"Some alien native land": Arthur Nortje, literary history and the body in exile.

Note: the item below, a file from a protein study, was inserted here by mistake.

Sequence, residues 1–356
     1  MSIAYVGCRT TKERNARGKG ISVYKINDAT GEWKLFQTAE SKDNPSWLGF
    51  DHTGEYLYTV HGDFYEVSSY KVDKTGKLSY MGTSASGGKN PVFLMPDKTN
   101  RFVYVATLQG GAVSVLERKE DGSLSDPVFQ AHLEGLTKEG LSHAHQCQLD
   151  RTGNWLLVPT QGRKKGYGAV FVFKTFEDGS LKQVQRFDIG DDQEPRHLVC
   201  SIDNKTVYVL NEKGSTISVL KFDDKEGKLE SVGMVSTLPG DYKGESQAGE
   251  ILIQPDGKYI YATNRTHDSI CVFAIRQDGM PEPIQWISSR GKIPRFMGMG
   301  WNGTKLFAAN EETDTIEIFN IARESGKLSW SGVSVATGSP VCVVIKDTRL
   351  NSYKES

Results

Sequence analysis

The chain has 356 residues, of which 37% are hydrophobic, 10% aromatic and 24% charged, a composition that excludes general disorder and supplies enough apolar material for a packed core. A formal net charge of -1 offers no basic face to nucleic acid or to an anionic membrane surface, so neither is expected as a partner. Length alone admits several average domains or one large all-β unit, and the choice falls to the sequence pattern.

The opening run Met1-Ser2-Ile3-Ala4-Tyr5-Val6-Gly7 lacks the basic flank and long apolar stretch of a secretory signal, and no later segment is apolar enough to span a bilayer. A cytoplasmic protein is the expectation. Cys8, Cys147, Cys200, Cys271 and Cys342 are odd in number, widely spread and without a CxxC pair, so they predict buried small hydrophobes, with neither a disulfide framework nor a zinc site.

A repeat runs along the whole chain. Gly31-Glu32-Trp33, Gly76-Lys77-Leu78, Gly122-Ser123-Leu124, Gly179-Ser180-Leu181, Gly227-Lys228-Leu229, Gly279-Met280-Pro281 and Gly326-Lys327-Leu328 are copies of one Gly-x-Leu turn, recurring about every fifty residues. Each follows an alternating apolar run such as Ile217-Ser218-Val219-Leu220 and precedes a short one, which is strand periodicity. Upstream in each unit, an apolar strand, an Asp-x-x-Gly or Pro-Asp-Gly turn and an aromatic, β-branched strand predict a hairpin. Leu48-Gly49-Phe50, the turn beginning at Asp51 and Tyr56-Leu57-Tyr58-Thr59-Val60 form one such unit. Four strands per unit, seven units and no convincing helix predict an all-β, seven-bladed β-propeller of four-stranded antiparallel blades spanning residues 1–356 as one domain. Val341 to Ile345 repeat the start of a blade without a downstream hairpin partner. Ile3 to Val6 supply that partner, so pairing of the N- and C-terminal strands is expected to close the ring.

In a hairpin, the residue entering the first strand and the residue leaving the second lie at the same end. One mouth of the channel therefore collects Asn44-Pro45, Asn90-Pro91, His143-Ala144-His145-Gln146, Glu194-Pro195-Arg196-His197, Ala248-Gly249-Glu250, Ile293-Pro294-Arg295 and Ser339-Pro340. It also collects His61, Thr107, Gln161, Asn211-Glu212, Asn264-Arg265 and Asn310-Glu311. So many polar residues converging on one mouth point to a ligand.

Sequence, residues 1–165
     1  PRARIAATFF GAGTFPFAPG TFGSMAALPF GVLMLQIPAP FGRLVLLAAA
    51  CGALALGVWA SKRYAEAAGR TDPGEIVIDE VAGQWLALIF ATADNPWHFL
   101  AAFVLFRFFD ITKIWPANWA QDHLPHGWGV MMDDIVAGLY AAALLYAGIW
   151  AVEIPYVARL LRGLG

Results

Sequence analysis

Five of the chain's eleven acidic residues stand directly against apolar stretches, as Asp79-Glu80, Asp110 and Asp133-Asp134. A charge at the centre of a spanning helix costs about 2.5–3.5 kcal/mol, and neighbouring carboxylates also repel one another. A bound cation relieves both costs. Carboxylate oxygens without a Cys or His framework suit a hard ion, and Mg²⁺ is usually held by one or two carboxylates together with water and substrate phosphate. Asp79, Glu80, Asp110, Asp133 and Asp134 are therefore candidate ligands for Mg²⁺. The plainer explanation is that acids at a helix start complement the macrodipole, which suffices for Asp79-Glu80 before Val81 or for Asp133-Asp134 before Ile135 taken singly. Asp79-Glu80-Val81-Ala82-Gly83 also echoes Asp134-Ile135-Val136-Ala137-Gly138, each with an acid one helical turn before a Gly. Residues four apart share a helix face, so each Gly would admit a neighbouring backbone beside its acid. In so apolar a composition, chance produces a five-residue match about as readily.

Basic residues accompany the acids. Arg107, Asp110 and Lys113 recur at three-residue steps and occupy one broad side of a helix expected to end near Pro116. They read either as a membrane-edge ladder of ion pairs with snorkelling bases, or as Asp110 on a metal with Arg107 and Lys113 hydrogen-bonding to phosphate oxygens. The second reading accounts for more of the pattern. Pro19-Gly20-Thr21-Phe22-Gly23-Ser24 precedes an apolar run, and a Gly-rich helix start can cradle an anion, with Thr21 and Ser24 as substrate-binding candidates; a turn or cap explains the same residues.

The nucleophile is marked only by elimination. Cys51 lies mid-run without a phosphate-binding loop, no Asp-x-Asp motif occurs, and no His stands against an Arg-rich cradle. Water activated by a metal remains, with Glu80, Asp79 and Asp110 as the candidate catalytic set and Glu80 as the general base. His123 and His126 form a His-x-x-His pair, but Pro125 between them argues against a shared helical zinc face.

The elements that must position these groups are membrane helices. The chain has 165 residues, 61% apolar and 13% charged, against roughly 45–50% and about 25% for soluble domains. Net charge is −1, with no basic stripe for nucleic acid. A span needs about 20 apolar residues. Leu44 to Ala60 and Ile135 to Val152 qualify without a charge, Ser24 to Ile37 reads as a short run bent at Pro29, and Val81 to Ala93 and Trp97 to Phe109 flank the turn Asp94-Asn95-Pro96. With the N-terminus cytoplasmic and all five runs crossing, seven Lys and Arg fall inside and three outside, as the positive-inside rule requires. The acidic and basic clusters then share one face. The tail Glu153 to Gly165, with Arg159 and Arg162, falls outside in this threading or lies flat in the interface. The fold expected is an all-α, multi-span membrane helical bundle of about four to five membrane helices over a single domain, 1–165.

Over the past few years in South Africa we have witnessed theemergence of a new nation not only in our first national elections orthe forging of the new constitution, but also in the dramatic, tidalreturn of an exiled and sequestered population. With our border postsnow thinly defended, electric fences dormant, and prison doors swingingopen, every day brings scenes of jubilant reunion, at airports ordocksides, with gaunt refugees returning. Exile is, in many respects,the central problem in South African literary history. In no othercountry save perhaps 1930s Germany did the state mount such a concertedeffort to expel and destroy the most innovative representatives ofnonofficial culture.
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